What to Expect From Today’s UN Climate Action Summit
Today is the United Nations Climate Action Summit, a gathering called by UN Secretary General António Guterres to encourage climate action ahead of 2020, the year when countries are due to up their pledges under the Paris agreement.
Guterres has asked countries to announce "concrete, realistic" steps that will reduce global emissions by 45 percent within the next decade and achieve net zero emissions by 2050. Those goals are in line with last year's Intergovernmental Panel on Climate Change report, which found emissions must fall around 50 percent within the next 11 years in order to limit global warming to 1.5 degrees Celsius above pre-industrial levels.
"I want to hear about how we are going to stop the increase in emissions by 2020, and dramatically reduce emissions to reach net‑zero emissions by mid‑century," Guterres said when he announced the summit last year. "We need cities and States to shift from coal to solar and wind — from brown to green energy."
World leaders will gather tomorrow for #ClimateActionSummit. ClimateActionSummit. Don't forget people demand real, concrete commitments, not fancy speeches. #ClimateAction #ClimateChange https://t.co/yf9OW7aXpV— The UN Climate Action Summit (@UNClimateSummit) September 22, 2019
Guterres said he expected around 60 countries to announce steps to reduce emissions and support populations most vulnerable to the climate crisis, The New York Times reported. However, some key players are not expected to make significant commitments, including Brazil under Jair Bolsonaro and the U.S. under President Donald Trump. Bolsonaro wants to open the Amazon rainforest, an important carbon sink, to development and has been criticized for his handling of record wildfires there this summer. Trump, meanwhile, has promised to withdraw the U.S. from the Paris agreement and has moved to roll back Obama-era controls on greenhouse gas emissions from power plants and vehicles.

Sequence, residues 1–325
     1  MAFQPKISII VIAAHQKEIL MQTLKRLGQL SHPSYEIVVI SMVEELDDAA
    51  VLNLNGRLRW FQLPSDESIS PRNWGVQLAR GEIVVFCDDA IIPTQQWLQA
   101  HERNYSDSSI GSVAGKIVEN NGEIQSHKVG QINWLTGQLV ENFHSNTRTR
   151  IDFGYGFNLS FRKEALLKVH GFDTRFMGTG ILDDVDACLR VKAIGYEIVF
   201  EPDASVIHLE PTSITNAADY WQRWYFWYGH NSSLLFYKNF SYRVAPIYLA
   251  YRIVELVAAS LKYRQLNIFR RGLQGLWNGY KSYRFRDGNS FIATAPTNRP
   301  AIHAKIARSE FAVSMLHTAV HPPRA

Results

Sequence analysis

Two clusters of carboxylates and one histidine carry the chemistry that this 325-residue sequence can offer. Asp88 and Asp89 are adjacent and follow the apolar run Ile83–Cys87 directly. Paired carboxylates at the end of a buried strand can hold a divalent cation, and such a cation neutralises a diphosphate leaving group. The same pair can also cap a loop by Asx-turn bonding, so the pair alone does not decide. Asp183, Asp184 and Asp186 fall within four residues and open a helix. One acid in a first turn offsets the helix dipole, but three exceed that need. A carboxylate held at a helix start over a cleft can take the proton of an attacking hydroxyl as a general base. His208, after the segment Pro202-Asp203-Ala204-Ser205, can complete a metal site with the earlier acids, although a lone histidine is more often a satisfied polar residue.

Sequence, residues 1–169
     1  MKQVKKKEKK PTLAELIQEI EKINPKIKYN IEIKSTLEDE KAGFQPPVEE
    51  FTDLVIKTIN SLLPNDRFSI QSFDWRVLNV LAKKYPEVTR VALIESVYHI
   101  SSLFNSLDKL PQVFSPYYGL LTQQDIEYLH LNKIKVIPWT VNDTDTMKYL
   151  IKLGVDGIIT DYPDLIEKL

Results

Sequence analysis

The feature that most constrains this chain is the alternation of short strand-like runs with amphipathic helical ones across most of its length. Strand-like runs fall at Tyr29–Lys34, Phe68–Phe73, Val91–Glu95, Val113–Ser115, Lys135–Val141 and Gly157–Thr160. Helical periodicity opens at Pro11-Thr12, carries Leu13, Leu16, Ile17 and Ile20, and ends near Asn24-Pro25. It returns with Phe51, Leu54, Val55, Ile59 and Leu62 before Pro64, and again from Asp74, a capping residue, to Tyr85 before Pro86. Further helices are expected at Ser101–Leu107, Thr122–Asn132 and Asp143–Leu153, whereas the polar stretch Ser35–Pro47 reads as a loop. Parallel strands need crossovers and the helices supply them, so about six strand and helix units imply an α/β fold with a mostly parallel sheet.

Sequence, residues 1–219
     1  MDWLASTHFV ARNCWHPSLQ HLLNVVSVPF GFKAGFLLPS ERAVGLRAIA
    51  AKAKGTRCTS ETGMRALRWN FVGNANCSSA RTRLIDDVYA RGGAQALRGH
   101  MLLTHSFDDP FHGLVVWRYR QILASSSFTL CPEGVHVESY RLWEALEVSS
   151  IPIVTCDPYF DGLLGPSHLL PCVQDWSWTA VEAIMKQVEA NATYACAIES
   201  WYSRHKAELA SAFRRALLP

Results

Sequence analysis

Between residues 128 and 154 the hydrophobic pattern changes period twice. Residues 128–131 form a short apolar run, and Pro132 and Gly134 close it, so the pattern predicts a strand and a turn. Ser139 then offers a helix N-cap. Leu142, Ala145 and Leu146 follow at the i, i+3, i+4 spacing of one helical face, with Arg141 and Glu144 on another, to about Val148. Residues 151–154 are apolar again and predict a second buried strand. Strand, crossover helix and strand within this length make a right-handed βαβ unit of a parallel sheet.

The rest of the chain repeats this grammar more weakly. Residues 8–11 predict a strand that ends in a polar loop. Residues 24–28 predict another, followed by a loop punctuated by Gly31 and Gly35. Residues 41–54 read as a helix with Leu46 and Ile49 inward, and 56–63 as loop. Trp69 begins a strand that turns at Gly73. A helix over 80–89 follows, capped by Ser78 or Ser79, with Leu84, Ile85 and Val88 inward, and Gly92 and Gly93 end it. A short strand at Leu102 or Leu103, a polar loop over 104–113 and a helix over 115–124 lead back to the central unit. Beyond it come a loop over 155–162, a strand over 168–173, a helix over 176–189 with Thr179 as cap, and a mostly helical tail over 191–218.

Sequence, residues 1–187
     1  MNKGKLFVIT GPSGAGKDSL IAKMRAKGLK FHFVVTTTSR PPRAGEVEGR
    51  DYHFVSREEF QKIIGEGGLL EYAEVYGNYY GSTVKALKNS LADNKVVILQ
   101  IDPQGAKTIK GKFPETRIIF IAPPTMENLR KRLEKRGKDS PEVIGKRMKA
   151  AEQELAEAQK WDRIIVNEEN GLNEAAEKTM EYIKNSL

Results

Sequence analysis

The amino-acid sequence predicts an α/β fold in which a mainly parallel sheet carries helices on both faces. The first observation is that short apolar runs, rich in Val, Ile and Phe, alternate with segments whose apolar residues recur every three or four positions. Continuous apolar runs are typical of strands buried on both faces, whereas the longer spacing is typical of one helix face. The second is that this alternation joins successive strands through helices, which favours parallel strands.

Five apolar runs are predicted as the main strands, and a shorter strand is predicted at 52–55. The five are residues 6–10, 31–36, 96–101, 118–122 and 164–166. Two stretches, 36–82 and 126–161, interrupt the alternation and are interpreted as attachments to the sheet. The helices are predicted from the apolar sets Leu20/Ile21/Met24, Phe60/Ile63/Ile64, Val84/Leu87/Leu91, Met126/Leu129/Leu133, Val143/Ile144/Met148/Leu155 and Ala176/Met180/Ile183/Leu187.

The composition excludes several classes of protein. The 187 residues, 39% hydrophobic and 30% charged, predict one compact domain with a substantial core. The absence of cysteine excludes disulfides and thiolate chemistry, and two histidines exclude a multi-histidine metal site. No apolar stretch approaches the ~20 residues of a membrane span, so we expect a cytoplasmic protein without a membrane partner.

"The U.S. is not on track to meet its previous promises, let alone to make bigger ones," NPR science reporter Rebecca Hersher said Sunday on All Things Considered.
Countries that are likely to up their commitments include France, some other European nations, some small island nations and India, Hersher said.
However, Indian Prime Minister Narendra Modi has also said he would expand coal, according to The New York Times.
China, the world's biggest greenhouse gas emitter, had set itself a less ambitious target that it is likely to meet, and may therefore announce more ambitious targets, Hersher said. However, its state-owned companies are also promoting coal use, The New York Times explained.
Overall, several coal-supporting countries will have a spot on the summit podium today, The New York Times reported in another article. In addition to India and China, speakers will include Indonesia, the world's No. 1 thermal coal exporter, and Pakistan, Bangladesh and Kenya, all countries where Chinese companies have built or are building coal plants.
The UN assigned speaking slots based on which countries submitted briefs explaining new, concrete plans to reduce emissions and help the most vulnerable cope with the crisis. No country who did so was denied a slot.
"We are not in a position to say, 'You're bad, you're good,'" Guterres said. "This is not a name-and-shame exercise."
Major oil and gas producing countries Russia and Qatar will also speak. Australia, Japan and the U.S. will not.
The summit comes after a global youth-led climate strike Friday saw around four million take to the streets in support of more ambitious climate action. The question is whether popular pressure can counter a diplomatic climate defined by a rise in authoritarian governments and a hostility to international agreements, The New York Times explained.
If countries stick only to their current Paris commitments, global temperatures will pass three degrees Celsius by 2100.
"The time window is closing and it's dramatically short for what we have to do," UN Development Program head Achim Steiner told The New York Times. "The protests are helpful because they show national leaders in their societies, in their countries, that the politics of climate change is changing and it is adding momentum and pressure to act."
Young people are the ones forcing #ClimateAction. Millions of you have made your voices heard. You have real power & will not take no for an answer.— UNYouth (@UN4Youth) September 22, 2019
This is a battle we can, & must win. @antonioguterres at the @UN Youth Climate Action Summit. pic.twitter.com/aBP178HKym
At the first-ever Youth Climate Summit Saturday, Guterres urged the more than 700 young activists in attendance to keep the pressure up on his generation.